The Medici Fountain is a must-see highlight of the Jardin du Luxembourg. Writer John Freeman has spent much time in this park, contemplating humanity’s place in the natural world and how parks shape and change us.
Joe deSousa/Flickr CC 1.0
A new book of poetry by John Freeman, “The Park,” uses the Luxembourg Gardens in Paris as a lens to peer into the paradox of how public green space can provide refuge and access to beauty for some while excluding others.
For the last five or six years, Freeman has spent his summers and winters in Paris. Most of the time, he lives near the Luxembourg Gardens, so it has become “a kind of second home” to him, he said.
“I’ve studied it and lived in it and grieved in it, and missed people in it and met friends in it. So, to me, it feels like another part of my mental circulatory system,” Freeman said.
As the United States has “gone through this spasm of anxiety over what a citizen means,” Freeman said, he’s been spending much of his time in the park, which he now sees as “a kind of giant metaphor for how we live together and who we allow in and who we kick out.”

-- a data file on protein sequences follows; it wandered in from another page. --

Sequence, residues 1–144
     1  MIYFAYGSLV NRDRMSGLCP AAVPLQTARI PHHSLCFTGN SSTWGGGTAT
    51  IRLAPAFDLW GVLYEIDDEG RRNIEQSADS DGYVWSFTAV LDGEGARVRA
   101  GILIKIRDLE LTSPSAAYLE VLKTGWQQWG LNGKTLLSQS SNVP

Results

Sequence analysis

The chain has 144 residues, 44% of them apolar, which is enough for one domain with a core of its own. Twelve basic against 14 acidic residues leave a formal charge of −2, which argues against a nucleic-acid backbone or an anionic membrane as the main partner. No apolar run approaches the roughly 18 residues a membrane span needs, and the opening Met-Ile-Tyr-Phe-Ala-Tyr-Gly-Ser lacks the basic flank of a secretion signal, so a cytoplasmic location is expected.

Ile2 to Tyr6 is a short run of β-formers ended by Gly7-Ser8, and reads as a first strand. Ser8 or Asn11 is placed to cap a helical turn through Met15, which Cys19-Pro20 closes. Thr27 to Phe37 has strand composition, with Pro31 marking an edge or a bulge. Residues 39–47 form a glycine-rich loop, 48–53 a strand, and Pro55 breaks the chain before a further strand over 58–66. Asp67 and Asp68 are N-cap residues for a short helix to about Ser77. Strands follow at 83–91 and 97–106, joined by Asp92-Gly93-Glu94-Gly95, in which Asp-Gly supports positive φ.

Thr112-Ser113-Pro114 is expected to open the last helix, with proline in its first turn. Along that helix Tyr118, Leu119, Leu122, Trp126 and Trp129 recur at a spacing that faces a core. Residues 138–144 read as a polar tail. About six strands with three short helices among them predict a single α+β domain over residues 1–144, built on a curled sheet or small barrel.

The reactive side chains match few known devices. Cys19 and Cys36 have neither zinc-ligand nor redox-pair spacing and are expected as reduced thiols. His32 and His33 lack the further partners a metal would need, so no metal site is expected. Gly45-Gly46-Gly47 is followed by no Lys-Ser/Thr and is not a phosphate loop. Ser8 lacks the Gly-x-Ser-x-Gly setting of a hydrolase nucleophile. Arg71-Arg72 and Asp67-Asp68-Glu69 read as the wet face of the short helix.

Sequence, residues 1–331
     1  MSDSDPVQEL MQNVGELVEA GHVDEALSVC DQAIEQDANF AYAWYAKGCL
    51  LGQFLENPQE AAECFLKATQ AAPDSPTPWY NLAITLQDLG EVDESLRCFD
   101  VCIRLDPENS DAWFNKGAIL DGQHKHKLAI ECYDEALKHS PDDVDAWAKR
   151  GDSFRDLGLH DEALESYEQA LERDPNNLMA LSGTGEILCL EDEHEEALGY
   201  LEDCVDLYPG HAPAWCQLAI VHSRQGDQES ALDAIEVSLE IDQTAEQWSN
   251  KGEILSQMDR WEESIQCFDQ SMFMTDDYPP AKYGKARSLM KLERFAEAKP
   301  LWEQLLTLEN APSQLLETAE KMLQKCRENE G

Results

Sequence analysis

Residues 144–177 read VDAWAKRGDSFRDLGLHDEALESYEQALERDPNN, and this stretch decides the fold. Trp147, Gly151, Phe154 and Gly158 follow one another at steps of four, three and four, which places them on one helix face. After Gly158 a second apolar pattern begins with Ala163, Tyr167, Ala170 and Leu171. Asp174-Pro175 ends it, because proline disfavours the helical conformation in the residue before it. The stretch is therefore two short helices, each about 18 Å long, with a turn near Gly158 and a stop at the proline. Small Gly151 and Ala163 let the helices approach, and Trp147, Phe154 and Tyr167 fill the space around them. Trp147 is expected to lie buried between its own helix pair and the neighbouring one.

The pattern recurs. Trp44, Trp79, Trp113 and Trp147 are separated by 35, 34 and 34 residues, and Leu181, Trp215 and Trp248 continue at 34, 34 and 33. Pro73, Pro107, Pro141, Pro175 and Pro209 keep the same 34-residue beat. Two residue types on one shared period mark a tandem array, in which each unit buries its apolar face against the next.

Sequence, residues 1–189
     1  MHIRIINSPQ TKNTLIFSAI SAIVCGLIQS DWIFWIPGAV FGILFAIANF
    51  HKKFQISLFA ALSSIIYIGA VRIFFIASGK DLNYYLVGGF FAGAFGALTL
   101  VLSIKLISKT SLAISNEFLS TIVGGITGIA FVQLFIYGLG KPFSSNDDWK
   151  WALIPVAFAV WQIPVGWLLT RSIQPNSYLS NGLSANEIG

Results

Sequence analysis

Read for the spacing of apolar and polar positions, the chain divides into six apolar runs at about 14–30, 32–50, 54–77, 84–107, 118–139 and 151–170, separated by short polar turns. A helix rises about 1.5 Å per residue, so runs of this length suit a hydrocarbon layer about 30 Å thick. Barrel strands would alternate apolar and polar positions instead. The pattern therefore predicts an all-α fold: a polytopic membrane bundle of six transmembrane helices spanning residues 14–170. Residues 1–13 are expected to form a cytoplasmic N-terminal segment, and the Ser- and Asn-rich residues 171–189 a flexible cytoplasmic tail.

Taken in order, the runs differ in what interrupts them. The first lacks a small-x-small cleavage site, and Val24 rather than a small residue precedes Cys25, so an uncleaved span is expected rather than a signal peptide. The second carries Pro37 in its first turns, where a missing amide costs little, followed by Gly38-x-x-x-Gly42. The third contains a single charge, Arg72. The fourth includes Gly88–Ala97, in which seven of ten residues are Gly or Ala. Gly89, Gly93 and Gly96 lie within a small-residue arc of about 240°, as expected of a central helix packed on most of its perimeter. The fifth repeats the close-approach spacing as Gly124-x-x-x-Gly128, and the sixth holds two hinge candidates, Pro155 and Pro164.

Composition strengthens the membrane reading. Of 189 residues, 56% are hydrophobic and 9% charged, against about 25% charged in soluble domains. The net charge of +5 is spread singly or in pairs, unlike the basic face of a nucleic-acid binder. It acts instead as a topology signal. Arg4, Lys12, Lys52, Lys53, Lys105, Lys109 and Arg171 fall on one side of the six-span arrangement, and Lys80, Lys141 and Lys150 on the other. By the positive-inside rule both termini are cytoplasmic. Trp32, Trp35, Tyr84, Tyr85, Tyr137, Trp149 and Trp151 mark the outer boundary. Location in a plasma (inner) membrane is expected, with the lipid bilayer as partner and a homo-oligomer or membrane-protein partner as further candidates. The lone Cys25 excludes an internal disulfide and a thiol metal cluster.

“I began to write poems in the park, not really thinking in those terms right away, just simply observing the park,” he said. “And gradually, as I transferred them from my notebook to my computer, I realized I was thinking about more than just a park, but about how we live together.”
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In his poems, Freeman explores the paradox of public parks being open to all, yet also finding ways to exclude some people. Paris, which has over 400 parks and gardens and some 1,000 fountains, has a long history of exclusion that continues to the present day, Freeman said.
The Luxembourg Palace, surrounded by the Jardin du Luxembourg in Paris, France.
Rdevany, Wikimedia Commons CC BY-SA 3.0